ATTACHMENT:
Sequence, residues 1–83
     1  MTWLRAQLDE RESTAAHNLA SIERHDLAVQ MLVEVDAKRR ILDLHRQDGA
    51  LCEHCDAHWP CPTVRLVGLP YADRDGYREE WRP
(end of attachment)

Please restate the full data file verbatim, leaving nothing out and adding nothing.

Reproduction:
Sequence, residues 1–83
     1  MTWLRAQLDE RESTAAHNLA SIERHDLAVQ MLVEVDAKRR ILDLHRQDGA
    51  LCEHCDAHWP CPTVRLVGLP YADRDGYREE WRP